Mid-March 2020 seems so far away, yet is was merely weeks ago. Since then, our Governor has held daily press conferences and has required us to stay home.
On March 12, the Governor declared Virginia to be in a state of emergency due to the COVID-19 public health threat. See EO 51. Soon thereafter, individual courts began taking action to curb the spread of the virus within their own localities. You can see your local court rules here. And on March 16, 2020, the Virginia Supreme Court effectively shut down our Court system. That order is here. It was extended by subsequent order and, as of today, extends to April 26, 2020. This means that courts will not be hearing non-emergency family law matters right now.
As the virus has continued to spread, our government officials have taken additional measures to require Virginia residents to stay home. You can read Executive Order 53 and Executive Order 55 to learn more about the restrictions that are currently in place.
A public health crisis of this magnitude has not been experienced by modern day society. Along with concerns over our health, the safety of our loved ones, and the financial implication, the COVID-19 pandemic brings about additional challenges for split families:
- How does the stay-at-home order impact a visitation order?
- What if the other parent is an essential employee and is now working additional/irregular hours?
- What schedule should parents use: school calendar or summer?
- What if the other parent is health care provider, first responder, or grocery store clerk at high risk of exposure to the virus- does that place me and/or my child at risk?
- What if the other parent takes advantage of court closures to violate an order?
First of all, the Governor’s orders have no impact on a valid custody/visitation order. Executive Order 55 specifically makes an exception for traveling for custody and/or visitation.
Second, this is new to us too. We have never been down this road so it is exceptionally difficult for lawyers to provide sound legal advice. It makes sense that parenting time should not be affected during the quarantine period: children’s lives are turned upside down, much like ours, and they need to maintain stability when possible. Violating a court order without very good cause right now could land a parent in some serious trouble when courts resume normal operations.
Here’s some guidance from us on co-parenting in these unprecedented times:
- Try to work it out with the other parent. If there are scheduling issues, be flexible. Many families are juggling working from home and caring for children who are out of school. Other families are searching for childcare because they are continuing to work outside the home. Working with the other parent is the best thing you can do for your child.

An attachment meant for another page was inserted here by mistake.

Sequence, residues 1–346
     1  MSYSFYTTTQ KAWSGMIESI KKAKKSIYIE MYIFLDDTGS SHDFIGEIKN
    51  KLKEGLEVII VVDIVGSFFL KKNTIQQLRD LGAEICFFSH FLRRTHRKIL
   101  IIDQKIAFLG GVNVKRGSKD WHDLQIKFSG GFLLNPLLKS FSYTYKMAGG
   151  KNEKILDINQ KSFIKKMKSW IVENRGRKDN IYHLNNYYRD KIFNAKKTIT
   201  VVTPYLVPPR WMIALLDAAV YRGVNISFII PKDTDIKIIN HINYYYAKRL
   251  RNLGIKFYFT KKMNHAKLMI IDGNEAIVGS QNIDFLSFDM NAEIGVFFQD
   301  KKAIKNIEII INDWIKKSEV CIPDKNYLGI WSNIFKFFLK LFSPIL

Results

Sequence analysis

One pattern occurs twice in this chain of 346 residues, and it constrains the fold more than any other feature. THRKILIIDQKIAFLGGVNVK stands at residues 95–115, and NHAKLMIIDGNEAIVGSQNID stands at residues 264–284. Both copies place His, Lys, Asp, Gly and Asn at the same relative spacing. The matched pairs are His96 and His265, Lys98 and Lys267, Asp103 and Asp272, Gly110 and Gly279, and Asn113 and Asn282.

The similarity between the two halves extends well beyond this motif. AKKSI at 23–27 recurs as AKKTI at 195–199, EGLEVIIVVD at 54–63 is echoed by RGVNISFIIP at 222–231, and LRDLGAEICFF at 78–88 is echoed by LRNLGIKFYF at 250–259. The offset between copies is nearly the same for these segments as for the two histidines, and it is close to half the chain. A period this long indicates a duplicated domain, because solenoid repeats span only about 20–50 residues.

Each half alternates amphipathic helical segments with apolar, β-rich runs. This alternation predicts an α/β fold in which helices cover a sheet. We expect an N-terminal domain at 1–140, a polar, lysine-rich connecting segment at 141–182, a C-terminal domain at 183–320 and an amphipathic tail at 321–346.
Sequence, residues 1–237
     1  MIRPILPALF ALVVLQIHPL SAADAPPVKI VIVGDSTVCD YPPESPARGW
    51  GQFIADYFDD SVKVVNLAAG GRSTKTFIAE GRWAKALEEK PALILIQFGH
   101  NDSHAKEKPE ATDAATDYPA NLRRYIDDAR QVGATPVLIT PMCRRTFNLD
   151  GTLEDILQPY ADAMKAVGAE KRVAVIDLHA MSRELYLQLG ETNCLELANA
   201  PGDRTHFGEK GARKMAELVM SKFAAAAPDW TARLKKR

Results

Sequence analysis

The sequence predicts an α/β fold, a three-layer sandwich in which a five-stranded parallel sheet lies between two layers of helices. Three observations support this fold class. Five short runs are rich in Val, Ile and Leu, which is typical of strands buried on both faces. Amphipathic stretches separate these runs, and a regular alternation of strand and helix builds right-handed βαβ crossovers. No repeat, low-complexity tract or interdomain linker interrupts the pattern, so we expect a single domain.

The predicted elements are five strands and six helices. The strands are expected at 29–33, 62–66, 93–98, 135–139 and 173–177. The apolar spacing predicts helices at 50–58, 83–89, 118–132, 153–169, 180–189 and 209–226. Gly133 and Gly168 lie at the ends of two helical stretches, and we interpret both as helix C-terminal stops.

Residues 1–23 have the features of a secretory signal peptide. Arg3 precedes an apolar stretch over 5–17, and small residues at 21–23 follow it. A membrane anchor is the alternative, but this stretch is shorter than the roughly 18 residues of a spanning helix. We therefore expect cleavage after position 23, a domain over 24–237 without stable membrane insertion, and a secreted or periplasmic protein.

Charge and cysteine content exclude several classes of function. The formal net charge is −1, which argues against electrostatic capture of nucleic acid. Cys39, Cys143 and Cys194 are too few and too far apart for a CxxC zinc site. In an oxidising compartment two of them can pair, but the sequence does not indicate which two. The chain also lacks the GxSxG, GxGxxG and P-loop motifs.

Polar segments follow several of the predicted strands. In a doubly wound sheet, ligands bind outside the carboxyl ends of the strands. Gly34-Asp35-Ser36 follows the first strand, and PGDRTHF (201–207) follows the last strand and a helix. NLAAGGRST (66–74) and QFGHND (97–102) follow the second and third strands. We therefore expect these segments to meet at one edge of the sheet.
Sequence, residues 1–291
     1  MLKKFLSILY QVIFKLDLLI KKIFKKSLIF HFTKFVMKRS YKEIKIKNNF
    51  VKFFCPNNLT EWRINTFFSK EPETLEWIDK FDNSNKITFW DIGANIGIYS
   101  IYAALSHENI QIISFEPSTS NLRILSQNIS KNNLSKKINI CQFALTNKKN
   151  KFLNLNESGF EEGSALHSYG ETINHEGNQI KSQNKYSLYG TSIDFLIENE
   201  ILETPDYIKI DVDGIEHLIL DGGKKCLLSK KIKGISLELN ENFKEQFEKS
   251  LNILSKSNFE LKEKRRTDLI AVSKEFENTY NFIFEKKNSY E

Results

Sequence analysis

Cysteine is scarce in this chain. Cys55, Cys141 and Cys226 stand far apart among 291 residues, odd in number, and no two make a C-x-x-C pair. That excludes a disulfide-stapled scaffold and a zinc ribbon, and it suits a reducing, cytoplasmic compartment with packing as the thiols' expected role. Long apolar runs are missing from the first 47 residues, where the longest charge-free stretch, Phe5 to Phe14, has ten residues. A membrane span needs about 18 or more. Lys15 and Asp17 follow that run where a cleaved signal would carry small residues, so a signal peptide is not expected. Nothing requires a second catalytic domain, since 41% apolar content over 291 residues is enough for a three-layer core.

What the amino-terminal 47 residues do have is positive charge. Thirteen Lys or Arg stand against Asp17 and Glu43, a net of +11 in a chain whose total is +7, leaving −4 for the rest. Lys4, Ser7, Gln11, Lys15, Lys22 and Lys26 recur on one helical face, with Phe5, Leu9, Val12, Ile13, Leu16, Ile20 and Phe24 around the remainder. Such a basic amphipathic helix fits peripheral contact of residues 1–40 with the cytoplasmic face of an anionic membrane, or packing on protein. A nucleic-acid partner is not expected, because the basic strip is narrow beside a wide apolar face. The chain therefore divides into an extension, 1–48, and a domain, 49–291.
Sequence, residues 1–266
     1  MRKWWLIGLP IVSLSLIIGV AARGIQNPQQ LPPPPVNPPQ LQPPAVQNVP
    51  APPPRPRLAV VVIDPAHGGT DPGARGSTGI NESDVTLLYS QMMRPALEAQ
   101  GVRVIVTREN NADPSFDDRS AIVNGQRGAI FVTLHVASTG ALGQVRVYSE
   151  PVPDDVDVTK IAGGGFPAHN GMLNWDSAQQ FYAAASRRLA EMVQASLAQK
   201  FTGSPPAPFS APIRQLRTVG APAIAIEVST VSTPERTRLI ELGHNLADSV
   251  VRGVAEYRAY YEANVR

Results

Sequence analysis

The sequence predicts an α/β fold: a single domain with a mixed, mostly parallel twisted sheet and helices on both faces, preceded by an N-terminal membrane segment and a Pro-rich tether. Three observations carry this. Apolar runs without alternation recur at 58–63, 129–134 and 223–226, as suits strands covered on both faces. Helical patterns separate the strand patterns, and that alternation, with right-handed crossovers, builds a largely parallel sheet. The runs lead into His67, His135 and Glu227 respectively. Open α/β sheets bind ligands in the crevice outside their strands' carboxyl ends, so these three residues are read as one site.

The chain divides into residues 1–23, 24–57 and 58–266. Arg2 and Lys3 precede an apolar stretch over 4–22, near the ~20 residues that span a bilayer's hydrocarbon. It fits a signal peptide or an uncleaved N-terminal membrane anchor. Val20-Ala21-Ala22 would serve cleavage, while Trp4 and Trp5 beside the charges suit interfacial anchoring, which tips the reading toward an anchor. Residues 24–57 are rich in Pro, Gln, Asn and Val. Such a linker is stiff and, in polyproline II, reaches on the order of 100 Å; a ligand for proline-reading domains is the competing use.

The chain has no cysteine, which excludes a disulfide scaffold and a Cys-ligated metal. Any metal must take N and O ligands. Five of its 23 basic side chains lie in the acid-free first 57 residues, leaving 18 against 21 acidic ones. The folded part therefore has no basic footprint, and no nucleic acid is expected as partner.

- Summer schedule versus school-year schedule? The best way to be safe is to follow your regular school calendar.
- If there is a real concern for the safety of the child, speak to the child’s doctor and seek medical advice. This is a public health emergency so relying upon the advice of the doctor would likely be a sound defense to complaints from the other parent.
- The child’s best interest is paramount. When making decisions about your child, be prepared to make the same examination a court would. Courts across Virginia must take into consideration the best interests of the child in all cases pertaining to custody and visitation.
- If you decide to take drastic measures, make sure you plan for makeup time in the future and allow the other parent to have face-to-face access with the child via FaceTime or Skype.
- Contact us - We can walk you through some of the factors and help inform your decisions. While we cannot predict how courts will decide, we can help you to understand the possible outcomes.
Third, we’re all in this together. We are all experiencing the stress caused by the Novel Coronavirus. We must first be human, be kind, and be understanding - even if our relationships are strained.
** The information contained in this article is for general information purposes only. Nothing should be taken as legal advice for any individual case or situation. **